Category Archives: GMing

Three Fights vs. Three Acts

A few folks brought up the three act structure in response to the three fight model, and while I get where they were coming from, there’s a distinction I want to call out that I think is REALLY important.

First, it is SUPER useful to understand the three act model for plotting your games. I would also say it’s very much worth learning other versions, most notably the 5 act model which is very common on television. Understanding these structures and tools can make you a better GM. Not because they provide strict rules to follow, but because if you get why they work on the screen and stage, then you can apply them in your play.

This is deep, valuable stuff. But I fear I consider the three fight model to be much simpler for one reason: it is much, much dumber.

That probably feels like a criticism, but it’s not. There are tools we want to be smart, and tools we want to be dumb, and the three fight model is in the latter camp. Its virtue lies in its simplicity, and I can illustrate this very simply:

  1. Imagine the cast of, say, Voltron. Any version. Pick one you know. If you don’t know Voltron, pick an action-y cartoon you like.
  2. Now, imagine that’s the game you’re running and those are the character’s played by your usual stablemates, with all their tastes and interests.
  3. Next, try to think of three cool fight scenes. Don’t go too deep, just sketch out the idea.
  4. Now set those aside, and instead think of a three act arc for them.

Was there a difference in ease between #3 and #4? If not, I envy you more than a little. See, for me #3 is super easy – I just mash up a few elements (Location, status, enemy type, maybe a gimmick) and I’m good to go. But when we get to #4, I have questions. I need to know more about the characters, the players, their interests and how to hook them in. I don’t want to tell a three act story, I want to deliver the experience the players want, which means I need a lot from them.

Heck, even if I didn’t need more information, I’ll end up struggling with the blank page problem. Building a three act structure is so profoundly open ended that I will be paralyzed just starting. In contrast, a fight scene is a constrained enough idea that I can churn it out.

That is why the three fight system is amazing to me where a lot of other structured models are merely interesting, informative or helpful. It strikes a solid balance between constrained enough for focus, but open ended enough that there are still bazillions of things to be done with it.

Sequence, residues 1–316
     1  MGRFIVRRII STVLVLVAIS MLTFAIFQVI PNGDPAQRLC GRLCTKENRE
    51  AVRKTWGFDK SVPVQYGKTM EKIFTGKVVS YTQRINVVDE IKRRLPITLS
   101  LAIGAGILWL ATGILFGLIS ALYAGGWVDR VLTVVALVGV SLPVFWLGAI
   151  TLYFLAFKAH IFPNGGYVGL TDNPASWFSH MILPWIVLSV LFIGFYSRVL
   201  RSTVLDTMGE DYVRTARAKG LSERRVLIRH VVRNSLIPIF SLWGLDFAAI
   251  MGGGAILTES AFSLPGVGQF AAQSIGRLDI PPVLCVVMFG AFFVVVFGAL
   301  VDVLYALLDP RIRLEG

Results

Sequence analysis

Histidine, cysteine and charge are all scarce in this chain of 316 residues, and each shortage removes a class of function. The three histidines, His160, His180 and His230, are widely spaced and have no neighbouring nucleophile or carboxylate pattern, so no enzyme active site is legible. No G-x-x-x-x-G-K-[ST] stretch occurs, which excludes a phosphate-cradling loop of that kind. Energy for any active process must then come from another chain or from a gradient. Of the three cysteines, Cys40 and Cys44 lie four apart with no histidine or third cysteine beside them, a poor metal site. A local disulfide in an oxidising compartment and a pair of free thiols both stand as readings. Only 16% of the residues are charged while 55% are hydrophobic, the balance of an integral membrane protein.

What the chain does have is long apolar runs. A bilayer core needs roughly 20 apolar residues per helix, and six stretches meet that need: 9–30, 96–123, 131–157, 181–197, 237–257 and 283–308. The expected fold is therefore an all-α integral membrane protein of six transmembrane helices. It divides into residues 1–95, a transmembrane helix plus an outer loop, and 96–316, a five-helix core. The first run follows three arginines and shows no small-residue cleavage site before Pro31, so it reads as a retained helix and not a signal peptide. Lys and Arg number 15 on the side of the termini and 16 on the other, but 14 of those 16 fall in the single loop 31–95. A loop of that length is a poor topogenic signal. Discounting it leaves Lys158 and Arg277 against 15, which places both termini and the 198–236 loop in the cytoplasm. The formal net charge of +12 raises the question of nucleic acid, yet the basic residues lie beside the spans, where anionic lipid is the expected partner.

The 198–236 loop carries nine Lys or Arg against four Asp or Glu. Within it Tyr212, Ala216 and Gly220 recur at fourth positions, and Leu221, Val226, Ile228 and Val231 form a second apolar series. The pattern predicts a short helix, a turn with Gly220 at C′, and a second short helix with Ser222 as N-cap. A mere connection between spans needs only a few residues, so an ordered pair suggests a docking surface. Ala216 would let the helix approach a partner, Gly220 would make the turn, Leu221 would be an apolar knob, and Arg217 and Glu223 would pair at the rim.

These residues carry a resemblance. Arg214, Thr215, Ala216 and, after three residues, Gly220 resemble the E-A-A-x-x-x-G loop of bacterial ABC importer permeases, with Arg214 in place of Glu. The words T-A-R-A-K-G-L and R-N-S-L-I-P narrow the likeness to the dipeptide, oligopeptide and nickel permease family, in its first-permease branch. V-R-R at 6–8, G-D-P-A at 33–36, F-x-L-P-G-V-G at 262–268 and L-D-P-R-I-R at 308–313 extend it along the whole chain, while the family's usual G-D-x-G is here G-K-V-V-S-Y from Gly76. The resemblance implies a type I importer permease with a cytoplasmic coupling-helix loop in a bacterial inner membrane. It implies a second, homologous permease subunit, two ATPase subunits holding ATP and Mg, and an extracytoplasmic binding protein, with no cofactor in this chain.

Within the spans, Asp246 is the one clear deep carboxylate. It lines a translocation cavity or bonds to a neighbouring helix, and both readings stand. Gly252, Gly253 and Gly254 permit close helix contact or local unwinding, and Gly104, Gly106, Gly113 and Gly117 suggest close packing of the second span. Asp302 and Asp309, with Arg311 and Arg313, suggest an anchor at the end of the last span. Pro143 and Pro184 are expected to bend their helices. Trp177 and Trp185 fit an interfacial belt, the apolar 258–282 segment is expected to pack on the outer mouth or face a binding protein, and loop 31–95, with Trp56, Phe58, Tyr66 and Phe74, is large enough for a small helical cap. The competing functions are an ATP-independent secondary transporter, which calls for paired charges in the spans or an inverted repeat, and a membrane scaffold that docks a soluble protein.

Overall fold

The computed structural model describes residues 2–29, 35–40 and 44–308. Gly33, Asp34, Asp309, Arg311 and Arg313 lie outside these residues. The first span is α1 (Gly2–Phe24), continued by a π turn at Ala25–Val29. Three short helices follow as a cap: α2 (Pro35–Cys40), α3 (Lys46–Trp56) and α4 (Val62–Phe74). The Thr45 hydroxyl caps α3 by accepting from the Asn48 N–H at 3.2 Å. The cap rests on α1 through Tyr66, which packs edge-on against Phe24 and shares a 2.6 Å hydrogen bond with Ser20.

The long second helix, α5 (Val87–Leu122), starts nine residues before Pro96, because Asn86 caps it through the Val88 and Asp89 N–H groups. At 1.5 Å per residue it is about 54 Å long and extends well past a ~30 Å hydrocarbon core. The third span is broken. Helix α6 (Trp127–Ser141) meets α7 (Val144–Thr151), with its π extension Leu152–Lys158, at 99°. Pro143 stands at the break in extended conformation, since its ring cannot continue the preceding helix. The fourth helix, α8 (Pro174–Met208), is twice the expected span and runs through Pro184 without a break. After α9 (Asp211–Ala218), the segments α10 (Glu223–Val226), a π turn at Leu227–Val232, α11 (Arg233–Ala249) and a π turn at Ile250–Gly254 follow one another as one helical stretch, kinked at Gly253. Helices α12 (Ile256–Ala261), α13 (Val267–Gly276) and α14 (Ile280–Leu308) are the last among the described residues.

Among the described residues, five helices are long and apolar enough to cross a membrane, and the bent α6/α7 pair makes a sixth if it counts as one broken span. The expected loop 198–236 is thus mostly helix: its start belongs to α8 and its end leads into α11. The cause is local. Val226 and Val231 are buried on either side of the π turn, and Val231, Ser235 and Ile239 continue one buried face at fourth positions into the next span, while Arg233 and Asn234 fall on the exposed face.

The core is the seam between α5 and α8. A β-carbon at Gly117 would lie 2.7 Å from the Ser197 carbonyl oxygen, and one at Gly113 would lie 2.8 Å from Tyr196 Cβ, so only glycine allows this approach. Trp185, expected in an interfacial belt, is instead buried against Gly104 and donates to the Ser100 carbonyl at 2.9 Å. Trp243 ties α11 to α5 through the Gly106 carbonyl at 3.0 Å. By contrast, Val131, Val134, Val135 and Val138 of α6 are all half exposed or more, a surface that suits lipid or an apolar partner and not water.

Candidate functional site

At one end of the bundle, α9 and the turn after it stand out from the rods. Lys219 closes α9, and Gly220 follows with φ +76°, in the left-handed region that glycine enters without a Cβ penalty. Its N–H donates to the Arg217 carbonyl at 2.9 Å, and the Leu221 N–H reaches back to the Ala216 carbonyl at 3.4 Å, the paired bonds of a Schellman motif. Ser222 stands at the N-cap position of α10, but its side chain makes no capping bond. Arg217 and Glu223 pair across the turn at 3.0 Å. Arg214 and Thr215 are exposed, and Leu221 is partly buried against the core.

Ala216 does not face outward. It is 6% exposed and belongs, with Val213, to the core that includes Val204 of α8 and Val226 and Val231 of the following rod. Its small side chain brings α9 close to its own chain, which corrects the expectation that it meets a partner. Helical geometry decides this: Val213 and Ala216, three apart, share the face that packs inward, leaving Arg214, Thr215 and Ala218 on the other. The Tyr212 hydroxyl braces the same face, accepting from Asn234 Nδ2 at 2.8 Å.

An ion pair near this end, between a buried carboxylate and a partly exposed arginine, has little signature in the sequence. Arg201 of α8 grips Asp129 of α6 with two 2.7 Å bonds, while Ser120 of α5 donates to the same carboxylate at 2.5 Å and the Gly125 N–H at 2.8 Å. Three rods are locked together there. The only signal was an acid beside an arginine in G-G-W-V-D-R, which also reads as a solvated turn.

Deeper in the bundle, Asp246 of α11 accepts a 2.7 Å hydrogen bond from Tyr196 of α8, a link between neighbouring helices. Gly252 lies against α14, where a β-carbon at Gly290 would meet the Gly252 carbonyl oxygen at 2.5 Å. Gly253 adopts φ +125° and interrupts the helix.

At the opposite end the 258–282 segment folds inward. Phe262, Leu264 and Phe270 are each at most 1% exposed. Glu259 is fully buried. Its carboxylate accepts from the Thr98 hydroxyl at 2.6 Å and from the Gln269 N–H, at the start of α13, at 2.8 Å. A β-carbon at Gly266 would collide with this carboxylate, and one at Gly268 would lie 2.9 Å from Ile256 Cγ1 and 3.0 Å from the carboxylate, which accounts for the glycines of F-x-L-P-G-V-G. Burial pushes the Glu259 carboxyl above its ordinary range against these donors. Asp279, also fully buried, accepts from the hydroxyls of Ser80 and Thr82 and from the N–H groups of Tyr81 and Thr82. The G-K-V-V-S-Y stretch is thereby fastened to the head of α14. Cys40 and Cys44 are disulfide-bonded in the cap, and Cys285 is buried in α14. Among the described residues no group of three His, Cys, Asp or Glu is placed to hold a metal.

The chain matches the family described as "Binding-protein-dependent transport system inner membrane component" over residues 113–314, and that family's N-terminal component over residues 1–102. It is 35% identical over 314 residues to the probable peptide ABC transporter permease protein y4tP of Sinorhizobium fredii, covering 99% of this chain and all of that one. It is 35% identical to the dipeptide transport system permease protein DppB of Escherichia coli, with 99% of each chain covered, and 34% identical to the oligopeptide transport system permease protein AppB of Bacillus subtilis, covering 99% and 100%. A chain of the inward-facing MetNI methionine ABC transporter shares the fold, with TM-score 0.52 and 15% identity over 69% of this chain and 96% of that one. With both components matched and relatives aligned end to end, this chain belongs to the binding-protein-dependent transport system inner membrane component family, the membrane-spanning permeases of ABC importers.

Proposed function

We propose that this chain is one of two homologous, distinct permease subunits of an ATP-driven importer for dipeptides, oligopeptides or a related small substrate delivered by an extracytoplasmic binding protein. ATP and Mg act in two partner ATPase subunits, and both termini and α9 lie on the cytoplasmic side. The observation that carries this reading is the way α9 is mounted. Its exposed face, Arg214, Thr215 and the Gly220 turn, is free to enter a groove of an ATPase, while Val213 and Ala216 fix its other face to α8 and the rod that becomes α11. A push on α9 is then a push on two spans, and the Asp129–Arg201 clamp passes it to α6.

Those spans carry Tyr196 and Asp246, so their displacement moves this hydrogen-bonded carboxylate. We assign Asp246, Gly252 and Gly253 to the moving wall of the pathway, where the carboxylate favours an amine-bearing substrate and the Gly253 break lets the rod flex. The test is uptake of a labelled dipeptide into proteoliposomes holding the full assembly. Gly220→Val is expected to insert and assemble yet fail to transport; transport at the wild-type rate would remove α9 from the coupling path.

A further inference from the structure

Now, having separated these two ideas, I should add that they do eventually grow together. Once you have the idea of three fights in your heart, it becomes possible to do more with the model (such as have the fights correspond with three act pacing, or finding other scene types that you can build as easily and well as you can fights). But I really want to call out that there’s nothing magical about structure or the number, three, the power is in how usable it is.

Three Fight Scenes Redux

Back of heads in an elevator.  Precursor moment to an amazing fight scene in Captain America: The Winter Soldier

The original Feng Shui RPG (by the ever-brilliant Robin Laws) had the absolute best adventure design guidelines of any RPG I’ve encountered. They boiled down to this:

  1. Think of 3 really awesome fight scenes.
  2. Apply some loose connective tissue to move the characters between them

That’s it. There is no 3.

Boiled down to two bullets, it’s is a little bare bones, but Feng Shui gave a LOT of guidance on what makes a good fight scene, and enough (totally wacky) background to easily justify the connective tissue. Taken as a whole, it made it staggeringly easy to write up solid, engaging adventures without undue strain on the GM. If you want to dive into it more, I’ve got some more word for you.

A lot of people who have used this model have translated it across to other games (I know I have) but it’s always interesting to me the ways in which it can be easy or hard to do so. It reveals some interesting things about assumptions of play that feel like they could unpack indefinitely.

First off, let’s consider the fight scene. This is a staple of fiction and play, but it’s worth considering what this means in play. That’s opaque, so let me approach it another way: is every scene with a fight in a a fight scene?

Technically? Yes. But in the way that Feng Shui meant it, not really. Those fights are Set Pieces1, which is entirely apt because Feng Shui is a game about Hong Kong cinematic style fight scenes. They are big, have lots of moving parts, many points of engagement on a mechanical and character level, and they’re what players are here to do2.

It’s also going to take a lot of time. Which is good. Time the budget we have to spend on things, and this approach explicitly “spends” more on the things that are most important to the game.

This is part of why it’s relatively easy to map the three fights model to other games which also have set piece fight scenes. It worked spectacularly well for Fourth Edition D&D, and there are a number of other fights games that it can do equally well with.